How much does donor milk cost?
Milk is given voluntarily to HMBANA milk banks by donors. However, HMBANA milk banks do charge a processing fee to help defray some of the costs of donor screening and milk processing. Currently, this fee averages $3.50-$4.00 per ounce. Shipping may or may not be included in this fee, depending on the milk bank. However, the Guidelines by which HMBANA milk banks operate suggest that no one should be denied access to donor milk for inability to pay the processing fee.
Is this processing fee covered by insurance?
It depends on the insurance plan covering the recipient. Medicaid programs in many states will cover the cost of the processing fee. Coverage varies with private insurers as well since they may perceive human milk to be simply a food and do not cover what they consider to be a special nutritional. However, physician advocacy on behalf of the patient has been known to be effective in assuring reimbursement.. If the physician argues that the therapeutic use of donor milk will save money for the insurance company in future care requirements of the recipient, the insurer is more likely to cover the fee.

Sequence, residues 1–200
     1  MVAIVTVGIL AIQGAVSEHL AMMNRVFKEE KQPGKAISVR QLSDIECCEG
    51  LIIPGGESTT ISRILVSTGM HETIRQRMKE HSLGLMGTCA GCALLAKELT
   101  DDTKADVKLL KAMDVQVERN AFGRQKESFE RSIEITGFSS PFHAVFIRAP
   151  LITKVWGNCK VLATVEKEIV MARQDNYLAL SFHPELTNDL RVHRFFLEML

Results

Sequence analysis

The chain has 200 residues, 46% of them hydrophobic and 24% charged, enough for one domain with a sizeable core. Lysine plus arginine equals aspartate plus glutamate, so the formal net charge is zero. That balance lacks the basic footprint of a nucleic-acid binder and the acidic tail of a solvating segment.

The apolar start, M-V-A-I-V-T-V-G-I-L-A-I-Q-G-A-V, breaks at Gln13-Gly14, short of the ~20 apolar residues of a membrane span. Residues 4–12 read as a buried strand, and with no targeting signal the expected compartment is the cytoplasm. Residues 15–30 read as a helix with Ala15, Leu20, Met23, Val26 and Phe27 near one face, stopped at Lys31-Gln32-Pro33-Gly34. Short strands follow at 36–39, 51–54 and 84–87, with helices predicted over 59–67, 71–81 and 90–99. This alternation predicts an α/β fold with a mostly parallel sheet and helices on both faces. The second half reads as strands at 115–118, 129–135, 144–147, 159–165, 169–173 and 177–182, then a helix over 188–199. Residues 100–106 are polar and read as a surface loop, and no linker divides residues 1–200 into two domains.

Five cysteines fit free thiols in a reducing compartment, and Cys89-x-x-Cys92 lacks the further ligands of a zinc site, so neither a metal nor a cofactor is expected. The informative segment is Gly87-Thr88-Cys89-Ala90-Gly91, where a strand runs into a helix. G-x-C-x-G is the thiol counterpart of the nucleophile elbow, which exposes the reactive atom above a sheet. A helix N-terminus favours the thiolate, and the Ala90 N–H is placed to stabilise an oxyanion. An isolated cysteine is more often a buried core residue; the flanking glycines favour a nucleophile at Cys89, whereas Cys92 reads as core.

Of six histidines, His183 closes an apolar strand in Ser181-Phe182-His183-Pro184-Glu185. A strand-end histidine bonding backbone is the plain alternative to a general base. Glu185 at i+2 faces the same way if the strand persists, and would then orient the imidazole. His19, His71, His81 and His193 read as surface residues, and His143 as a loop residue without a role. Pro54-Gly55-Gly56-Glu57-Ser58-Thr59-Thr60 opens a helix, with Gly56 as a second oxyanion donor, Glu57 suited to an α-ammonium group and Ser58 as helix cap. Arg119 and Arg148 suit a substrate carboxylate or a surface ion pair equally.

How does donor milk banking work?
HMBANA member milk banks all operate according to well-established and frequently updated guidelines that have been developed in consultation with infectious disease and quality control experts.
Volunteer donors contact a milk bank that then screens the donor according to standards similar to those of blood banks. Volunteer donors do not receive any reimbursement or gifts for their participation – they donate their milk strictly for altruistic reasons.
A thorough verbal questionnaire is used as a preliminary donor screening. If a donor is found to be acceptable after the verbal screening, then a blood test for HIV, Human T-Cell Leukemia Virus (HTLV), Hepatitis B, Hepatitis C, and syphilis is performed. If the mother is negative for these diseases, is a non-smoker, has no chronic disease or condition, and is not taking or using prescription, over-the-counter, or herbal preparations on a regular basis she is most likely acceptable (To see a list of donor exclusions, go to the HMBANA web site: www.hmbana.org).